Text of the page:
A few weeks ago, I attended the 2012 Grace Hopper Celebration of Women in Computing. For those of you who haven’t heard of Grace Hopper, she could easily be considered the mother of the information age. Grace not only devised the first compiler, she also brought industry and business interests to the world of computing. Her contributions to the field are vast and she paved the way for many women to enter the field
Over 3,600 attendees came for this year’s conference at the Baltimore Convention Center, making it the largest such event yet. The theme was “Are we there yet?” And while the answer, unfortunately, is still “no” I was excited to see that GHC had over 162 corporate sponsors, and attendees from the academic side and major players (Microsoft, Amazon, Facebook, etc.).
Before I went, I thought I would be high-fiving every person I saw, engaging in heady technical and non-technical people of my ilk, and making new friends for life. That didn’t really happen. But, despite the gap between my experiences and my lofty expectations, I came away inspired.
Here are a few reasons why:
Nora Denzel, the Senior VP of Big Data, Social and Marketing at Intuit, gave the keynote on the second day of the conference. Her talk was filled with humorous anecdotes about how to navigate and flourish in an industry dominated by men. Nora was an amazing and insightful speaker, and I left her session with a big smile on my face.
I also enjoyed Hilary Mason’s talk entitled Short URLs, Big Data: Learning About the World in Realtime. Hilary is the Chief Scientist at bitly. She talked about the company’s modest start as a URL shortener, and how it has evolved into a content sharing and analytics tool. In the session, Hilary spoke about how bitly is using Hadoop, Python and Go as their primary stack, and how her team shaped their hypotheses using scientific — though not necessarily academic – methodologies. This was one of many Big Data sessions I attended and was probably the most interesting one.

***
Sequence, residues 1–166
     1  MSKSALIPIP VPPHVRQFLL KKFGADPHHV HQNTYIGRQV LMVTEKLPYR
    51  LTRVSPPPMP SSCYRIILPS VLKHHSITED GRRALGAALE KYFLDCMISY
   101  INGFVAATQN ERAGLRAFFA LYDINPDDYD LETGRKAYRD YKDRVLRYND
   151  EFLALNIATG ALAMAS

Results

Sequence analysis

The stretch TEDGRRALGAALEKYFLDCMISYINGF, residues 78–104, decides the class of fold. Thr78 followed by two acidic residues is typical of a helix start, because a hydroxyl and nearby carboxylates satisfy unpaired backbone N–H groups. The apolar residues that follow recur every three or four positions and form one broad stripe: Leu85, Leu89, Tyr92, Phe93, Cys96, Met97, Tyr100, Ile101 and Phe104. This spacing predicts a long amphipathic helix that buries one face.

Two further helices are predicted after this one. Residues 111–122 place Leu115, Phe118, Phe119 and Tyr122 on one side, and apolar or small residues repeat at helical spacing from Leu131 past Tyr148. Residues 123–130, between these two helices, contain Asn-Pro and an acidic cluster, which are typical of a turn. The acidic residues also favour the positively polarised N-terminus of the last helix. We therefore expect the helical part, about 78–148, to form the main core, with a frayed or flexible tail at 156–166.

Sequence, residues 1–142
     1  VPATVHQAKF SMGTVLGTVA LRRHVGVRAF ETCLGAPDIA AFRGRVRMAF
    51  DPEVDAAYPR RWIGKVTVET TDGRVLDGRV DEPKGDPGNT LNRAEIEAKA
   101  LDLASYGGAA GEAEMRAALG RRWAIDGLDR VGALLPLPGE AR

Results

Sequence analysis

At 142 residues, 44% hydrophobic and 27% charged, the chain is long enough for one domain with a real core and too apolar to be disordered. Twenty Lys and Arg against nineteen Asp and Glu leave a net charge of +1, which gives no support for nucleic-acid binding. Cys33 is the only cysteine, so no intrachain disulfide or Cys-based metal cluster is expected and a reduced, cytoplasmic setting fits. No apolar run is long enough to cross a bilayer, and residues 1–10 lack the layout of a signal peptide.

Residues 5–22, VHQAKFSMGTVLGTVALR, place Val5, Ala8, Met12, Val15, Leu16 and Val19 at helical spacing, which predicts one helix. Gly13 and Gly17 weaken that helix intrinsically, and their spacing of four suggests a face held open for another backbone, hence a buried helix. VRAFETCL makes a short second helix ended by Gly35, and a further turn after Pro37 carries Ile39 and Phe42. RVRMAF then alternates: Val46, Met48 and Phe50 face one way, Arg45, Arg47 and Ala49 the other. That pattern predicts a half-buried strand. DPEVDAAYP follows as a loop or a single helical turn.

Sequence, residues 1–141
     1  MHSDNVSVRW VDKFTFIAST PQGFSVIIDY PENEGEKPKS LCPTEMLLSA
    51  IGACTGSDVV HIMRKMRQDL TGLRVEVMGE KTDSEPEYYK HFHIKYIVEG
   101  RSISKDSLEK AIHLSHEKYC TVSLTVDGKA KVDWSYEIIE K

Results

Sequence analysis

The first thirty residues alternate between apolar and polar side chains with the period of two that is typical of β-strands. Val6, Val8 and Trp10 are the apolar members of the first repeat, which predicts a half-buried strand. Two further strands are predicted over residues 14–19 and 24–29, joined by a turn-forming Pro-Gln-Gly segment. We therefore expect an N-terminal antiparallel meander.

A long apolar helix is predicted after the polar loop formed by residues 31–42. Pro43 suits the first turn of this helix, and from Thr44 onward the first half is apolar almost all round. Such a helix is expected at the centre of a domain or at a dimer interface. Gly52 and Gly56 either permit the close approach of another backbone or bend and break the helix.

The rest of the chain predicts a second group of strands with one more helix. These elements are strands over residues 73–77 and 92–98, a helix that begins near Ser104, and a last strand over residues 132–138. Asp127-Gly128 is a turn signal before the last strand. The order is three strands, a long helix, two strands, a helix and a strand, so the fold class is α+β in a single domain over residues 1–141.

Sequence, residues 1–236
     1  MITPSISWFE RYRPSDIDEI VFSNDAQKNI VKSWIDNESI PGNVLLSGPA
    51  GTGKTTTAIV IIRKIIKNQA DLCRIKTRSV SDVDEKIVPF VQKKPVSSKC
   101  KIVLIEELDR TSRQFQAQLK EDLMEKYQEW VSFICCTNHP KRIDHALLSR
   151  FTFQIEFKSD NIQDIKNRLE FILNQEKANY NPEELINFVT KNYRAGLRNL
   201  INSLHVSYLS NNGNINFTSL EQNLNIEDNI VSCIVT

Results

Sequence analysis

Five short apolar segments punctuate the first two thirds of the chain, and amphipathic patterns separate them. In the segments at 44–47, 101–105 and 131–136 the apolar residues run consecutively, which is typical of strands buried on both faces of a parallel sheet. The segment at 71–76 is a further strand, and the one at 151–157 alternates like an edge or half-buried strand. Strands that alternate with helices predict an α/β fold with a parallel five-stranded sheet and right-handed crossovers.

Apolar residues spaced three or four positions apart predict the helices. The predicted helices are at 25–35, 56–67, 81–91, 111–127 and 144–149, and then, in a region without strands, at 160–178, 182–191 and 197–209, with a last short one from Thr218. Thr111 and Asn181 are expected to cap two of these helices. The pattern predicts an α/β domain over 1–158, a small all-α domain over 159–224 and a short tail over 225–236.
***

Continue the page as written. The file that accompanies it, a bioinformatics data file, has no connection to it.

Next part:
The session Six Reasons Male Influences Advocate for Technical Women was a panel discussion on findings from the National Center for Women & Information Technology (NCWIT). It focused on how and why some men have become supporters for a more diverse workforce. These include being part of a minority or outside group, having a strong mother or female influence in their lives, and being friends with women in the industry. While it didn’t have a huge ‘wow’ factor, it had a lot of good ideas for men and women interested in promoting workplace diversity.
My experience at the GHC felt like a call to action. While I was excited to be surrounded by other women in tech, the attendees were mostly from larger organizations. I’d really like to see something similar for women who work at startups and other small, faster growing companies. This is something I can help make happen.
Even though the event was not exactly what I expected, it was incredibly inspirational and valuable. I look forward to going to GHC 2013 in Minneapolis.